We have to comply with third-party security requirements for the loading of 3DES keys. I'm a little confused about the reason behind why Key Check Values (KCVs) can't be full length. As KCV are hashes, I'm wondering what the security implication and risks are?

  • $\begingroup$ Thanks for the reply and clarification. Can you provide any details on a double length 3DES key probably being safe? Is there any impact if the full-length KCV of all the shares and the full-length key are all known? $\endgroup$ Dec 14 '17 at 12:06

The usual (or at least traditional) blockcipher KCV is not a hash but rather the truncated encryption of zero; see How to obtain KCV from the key and KCV and compatibility with block cipher modes of operation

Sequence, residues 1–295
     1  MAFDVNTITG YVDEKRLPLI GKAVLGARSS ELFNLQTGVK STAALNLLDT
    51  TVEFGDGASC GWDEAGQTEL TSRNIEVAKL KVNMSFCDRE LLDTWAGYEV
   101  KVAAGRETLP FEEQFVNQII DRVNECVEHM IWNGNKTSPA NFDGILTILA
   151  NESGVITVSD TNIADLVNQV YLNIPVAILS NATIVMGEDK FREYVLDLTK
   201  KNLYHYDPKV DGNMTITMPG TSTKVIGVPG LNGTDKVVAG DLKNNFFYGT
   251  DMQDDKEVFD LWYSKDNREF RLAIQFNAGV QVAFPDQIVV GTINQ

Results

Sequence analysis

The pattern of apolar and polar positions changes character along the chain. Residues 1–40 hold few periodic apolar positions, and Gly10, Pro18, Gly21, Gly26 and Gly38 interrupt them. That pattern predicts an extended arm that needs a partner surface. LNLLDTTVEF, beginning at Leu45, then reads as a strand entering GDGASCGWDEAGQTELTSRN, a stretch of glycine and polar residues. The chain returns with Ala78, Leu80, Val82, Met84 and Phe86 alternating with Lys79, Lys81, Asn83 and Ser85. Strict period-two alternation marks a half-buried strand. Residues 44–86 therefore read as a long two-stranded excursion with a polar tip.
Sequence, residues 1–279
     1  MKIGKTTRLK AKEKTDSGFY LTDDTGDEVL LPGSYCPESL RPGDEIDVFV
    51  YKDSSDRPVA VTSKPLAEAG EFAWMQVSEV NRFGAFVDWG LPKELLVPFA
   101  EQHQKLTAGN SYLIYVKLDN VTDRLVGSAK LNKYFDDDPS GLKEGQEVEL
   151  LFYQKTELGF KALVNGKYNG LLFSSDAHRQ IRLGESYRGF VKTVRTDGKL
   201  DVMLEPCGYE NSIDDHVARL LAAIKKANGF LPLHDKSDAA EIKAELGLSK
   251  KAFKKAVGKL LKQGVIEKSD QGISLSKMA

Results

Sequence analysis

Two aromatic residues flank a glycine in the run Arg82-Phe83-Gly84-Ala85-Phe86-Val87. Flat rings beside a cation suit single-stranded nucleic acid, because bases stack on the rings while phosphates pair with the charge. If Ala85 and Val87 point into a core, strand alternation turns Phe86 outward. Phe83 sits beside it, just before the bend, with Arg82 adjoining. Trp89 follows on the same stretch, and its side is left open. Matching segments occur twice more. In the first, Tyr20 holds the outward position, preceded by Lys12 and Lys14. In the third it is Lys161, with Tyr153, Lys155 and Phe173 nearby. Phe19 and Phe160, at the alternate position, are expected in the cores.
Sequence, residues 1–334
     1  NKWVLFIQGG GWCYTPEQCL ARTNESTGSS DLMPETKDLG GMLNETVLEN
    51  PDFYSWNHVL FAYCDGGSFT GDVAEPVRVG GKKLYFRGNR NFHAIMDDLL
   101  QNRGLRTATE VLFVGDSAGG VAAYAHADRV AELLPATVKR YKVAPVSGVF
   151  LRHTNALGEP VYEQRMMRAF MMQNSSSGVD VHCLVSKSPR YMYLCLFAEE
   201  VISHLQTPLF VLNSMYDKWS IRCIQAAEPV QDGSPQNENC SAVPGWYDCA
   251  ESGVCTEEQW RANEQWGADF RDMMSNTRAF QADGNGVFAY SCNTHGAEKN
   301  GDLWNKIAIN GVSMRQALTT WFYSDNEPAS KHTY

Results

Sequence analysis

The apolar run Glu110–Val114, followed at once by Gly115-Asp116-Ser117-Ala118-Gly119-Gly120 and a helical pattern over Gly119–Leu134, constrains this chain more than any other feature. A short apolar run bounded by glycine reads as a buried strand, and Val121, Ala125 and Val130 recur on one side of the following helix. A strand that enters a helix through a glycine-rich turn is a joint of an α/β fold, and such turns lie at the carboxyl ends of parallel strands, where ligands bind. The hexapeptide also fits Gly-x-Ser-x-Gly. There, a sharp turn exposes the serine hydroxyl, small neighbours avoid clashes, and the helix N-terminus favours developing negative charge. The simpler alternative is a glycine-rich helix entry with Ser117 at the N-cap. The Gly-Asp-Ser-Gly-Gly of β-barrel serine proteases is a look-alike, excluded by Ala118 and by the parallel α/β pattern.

If 3DES (TDEA) key components K1,K2,K3 (i.e. single-length) (or their shares) are checked separately, a full-length (64-bit) check value on a 56-bit key component is practical to bruteforce, with small chance of ambiguity. Similarly for AES-128 where block size equals key size, if 2^128 bruteforce were practical you would be unlikely to get more than a very few candidate keys, which in most situations is a break. For a double-length or triple-length 3DES key, the key is longer than a (full) data block, by 48 or 104 bits; the former is probably safe and the latter definitely so.


This site is temporarily in read only mode and not accepting new answers.

Not the answer you're looking for? Browse other questions tagged .